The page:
Today we talk about Jamaica Inn, one of Alfred Hitchcock‘s lesser-known movies from back in 1939.
The story unfolds along the dangerous English coast of Cornwall, where the sea is most violent and unpredictable.
Moreover, people have little protection from the law throughout the area since the police are practically nonexistent.
The only official authority figure is the corrupt local judge, who, taking advantage of his absolute power position, is in charge of a small criminal gang.
Indeed, with false light signals, they lure ships near the coast, causing them to crash on the rocks, then steal the cargo and mercilessly kill every witness.
Everyone in the gang is constantly staying at the tavern Jamaica Inn, which their leader owns.
He alone is in contact with the judge and knows he actually organizes the shipwrecks, discovering the most valuable ship route details.
One night a new girl arrives in town, the niece of the chief’s wife, seeking shelter after her mother’s tragic death.
However, her permanence at the tavern is relatively brief since she rescues one of the criminals his cronies wanted to hang.
Escaping the gang across the sea, they return to shore and then go to the judge’s house in search of help.
Indeed, the criminal is actually an undercover officer the Navy has sent to investigate those many shipwrecks with no survivors.
So the judge must eliminate any evidence leading to him deceiving both the criminals and the officer so he can flee to France and start a new life.
But before his escape, he convinces his men to carry out one last rich heist by attacking a ship loaded with gold passing near the coast that same night.
Lots of criticism, yet lots of entertainment
According to a widespread opinion, this would supposedly be one of Alfred Hitchcock‘s worst movies.
The director himself admitted several times that the final result never excited him since he had several problems with the flamboyant Charles Laughton, also one of the producers.
However, we are far from the need to throw it in the trash because we have an excellent crime drama with a wonderful horror atmosphere on our hands.
For example, the arrival of young Maureen O’Hara, in her cinematic debut, aboard the horse-drawn carriage whose drivers are terrified is very similar to the beginning of Bram Stoker‘s famous Dracula.
Moreover, for being a 1939 movie, the violence in some scenes was remarkable and bravely defied the strict censorship of the time.
Just think of the cruel shipwreck of the initial ship, where the survivors look hopefully at the men on the beach, who then mercilessly slaughter them.
We don’t see much of Alfred Hitchcock‘s creative imprint, which is why he complained most.
However, the story’s pacing and tension building are always impeccable, flowing smoothly in an editing that wastes no time in unnecessary scenes and hits the mark directly.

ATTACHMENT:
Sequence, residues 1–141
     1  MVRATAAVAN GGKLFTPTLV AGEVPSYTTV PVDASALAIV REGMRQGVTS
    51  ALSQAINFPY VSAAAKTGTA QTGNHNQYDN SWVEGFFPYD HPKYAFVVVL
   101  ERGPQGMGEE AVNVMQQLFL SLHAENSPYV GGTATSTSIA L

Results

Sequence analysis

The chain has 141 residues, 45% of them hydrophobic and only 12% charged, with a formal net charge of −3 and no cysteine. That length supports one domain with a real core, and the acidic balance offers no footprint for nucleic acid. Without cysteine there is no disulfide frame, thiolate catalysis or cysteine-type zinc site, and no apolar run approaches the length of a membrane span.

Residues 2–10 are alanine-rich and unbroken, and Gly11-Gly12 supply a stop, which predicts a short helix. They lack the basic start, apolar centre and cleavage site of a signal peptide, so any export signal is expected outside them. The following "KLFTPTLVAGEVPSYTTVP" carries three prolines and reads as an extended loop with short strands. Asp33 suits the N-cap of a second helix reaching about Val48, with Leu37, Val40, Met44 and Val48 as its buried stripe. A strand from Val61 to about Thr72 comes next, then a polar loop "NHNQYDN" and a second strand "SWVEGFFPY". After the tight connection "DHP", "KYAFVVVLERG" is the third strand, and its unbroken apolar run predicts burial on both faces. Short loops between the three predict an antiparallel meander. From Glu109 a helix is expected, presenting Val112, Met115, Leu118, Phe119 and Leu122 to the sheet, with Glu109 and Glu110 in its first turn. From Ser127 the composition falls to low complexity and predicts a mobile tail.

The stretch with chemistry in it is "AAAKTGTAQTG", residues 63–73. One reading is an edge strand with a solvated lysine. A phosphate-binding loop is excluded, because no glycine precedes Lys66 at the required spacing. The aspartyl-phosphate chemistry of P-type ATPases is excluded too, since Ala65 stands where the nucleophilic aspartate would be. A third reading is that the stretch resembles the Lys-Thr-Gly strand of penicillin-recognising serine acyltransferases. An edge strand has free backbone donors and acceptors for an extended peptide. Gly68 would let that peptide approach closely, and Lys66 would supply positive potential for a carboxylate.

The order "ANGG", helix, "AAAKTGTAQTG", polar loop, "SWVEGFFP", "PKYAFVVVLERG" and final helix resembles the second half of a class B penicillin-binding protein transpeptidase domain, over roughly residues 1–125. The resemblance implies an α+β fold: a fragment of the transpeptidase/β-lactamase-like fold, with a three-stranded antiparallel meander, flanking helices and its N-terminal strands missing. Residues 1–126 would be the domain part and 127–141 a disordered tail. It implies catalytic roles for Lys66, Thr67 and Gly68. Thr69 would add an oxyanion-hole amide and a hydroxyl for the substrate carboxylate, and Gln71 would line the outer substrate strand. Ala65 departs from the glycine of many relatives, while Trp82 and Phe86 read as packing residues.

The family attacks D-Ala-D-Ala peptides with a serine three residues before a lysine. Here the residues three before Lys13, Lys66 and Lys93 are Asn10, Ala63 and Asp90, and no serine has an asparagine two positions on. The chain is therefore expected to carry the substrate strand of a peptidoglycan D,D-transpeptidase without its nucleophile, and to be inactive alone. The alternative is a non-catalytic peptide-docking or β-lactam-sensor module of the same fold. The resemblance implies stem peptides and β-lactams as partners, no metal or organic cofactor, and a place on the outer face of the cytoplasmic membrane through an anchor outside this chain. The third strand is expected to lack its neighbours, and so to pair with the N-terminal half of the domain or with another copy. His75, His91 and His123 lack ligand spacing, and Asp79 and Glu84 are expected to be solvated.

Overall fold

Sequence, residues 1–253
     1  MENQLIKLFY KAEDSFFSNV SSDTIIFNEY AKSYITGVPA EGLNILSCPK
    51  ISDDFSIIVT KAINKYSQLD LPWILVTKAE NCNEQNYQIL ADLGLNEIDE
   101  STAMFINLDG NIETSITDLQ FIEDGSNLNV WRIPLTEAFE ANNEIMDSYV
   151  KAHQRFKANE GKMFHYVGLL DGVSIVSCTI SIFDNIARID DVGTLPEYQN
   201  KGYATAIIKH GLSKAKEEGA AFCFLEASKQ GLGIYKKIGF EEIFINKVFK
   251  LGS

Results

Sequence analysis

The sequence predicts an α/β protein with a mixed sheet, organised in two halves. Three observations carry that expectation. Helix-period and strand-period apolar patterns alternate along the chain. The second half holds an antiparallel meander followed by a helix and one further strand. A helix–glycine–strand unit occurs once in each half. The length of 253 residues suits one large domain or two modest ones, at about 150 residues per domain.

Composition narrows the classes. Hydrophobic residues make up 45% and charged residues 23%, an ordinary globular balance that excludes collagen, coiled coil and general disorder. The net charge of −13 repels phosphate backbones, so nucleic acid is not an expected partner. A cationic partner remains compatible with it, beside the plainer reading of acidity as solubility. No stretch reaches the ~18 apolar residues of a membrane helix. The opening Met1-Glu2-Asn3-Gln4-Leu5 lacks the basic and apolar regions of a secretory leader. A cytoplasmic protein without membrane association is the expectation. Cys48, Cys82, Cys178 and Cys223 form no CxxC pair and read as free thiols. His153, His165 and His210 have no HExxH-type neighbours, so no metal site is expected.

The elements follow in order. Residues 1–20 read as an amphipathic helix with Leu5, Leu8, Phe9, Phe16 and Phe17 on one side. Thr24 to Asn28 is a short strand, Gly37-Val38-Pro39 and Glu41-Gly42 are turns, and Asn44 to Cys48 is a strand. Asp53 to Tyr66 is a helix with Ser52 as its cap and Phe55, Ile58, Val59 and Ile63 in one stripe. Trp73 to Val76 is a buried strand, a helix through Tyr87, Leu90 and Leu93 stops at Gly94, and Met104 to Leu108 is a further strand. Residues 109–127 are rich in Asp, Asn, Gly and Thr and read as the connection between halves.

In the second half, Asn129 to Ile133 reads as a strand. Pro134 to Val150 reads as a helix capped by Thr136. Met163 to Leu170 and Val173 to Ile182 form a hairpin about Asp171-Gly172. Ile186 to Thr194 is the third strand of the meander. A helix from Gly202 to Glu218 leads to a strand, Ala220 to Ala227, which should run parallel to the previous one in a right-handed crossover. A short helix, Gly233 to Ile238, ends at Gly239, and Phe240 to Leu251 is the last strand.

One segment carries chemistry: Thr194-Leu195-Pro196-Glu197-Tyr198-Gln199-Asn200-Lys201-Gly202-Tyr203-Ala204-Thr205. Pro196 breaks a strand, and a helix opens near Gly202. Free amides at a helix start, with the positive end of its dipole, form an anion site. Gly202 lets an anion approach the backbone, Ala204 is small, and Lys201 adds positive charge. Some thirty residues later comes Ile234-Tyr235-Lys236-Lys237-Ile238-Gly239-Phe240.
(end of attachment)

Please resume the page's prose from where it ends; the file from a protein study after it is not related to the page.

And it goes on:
Moreover, despite the criticism it received and the director’s skepticism, Jamaica Inn was one of the most successful movies in theaters during 1939.
This adventure still catches on because of its dirty, villainous setting and characters, effective humor, and compelling narrative that escalates to the perfect tragic-comic epilogue.
Outstanding black-and-white cinematography retains its charm to this day, as do so many of that period’s movies, creating a striking black fairy tale atmosphere.
In short, it may be everything you want it to be, yet indeed not a stain on the suspense master’s career.
The tough criminal faces from Cornwall
Another criticism was to make Charles Laughton‘s character a judge when he was a pastor in the original book.
The choice wants to avoid problems with the period’s religious community; nevertheless, the great actor embodies a graceful, evil villain in the best tradition of Alfred Hitchcock movies.
His performance obliterates the rest of the cast, yet his charming madness is undoubtedly the story’s greatest strength.
As mentioned, this is the first time we see the beautiful Maureen O’Hara, who we will find again with Charles Laughton in The Hunchback of Notre Dame the same year.
She is definitely the innocent character in the story but brave enough to fight alone against an entire town full of criminals.
To help her, she will find Robert Newton, who appears as just one of many criminals but later emerges as the hero and main antagonist of the vicious judge.
Among the whole gang of ship looters, the best is the leader, played by Leslie Banks, who is the first to welcome the beautiful girl who arrives at the tavern.
During this adventure, we will positively see his evolution, although he is undoubtedly a negative, dirty and vulgar character.
Likewise, we shall see the evolution of the woman he loves but does not hesitate to mistreat; she has the face of actress Marie Ney bringing tiresome suffering with her performance.
This ambiguous relationship could have been better deepened, although they both participate in a theatrical and romantic scene in the end.
To sum up, Jamaica Inn is a movie that delighted the audience but not the critics in 1939, dividing opinion but certainly giving satisfaction to the producers.
The plot is quite simple, but the entire cast’s solid direction and outstanding talent never disappoint, staying worthy of being in Alfred Hitchcock’s filmography.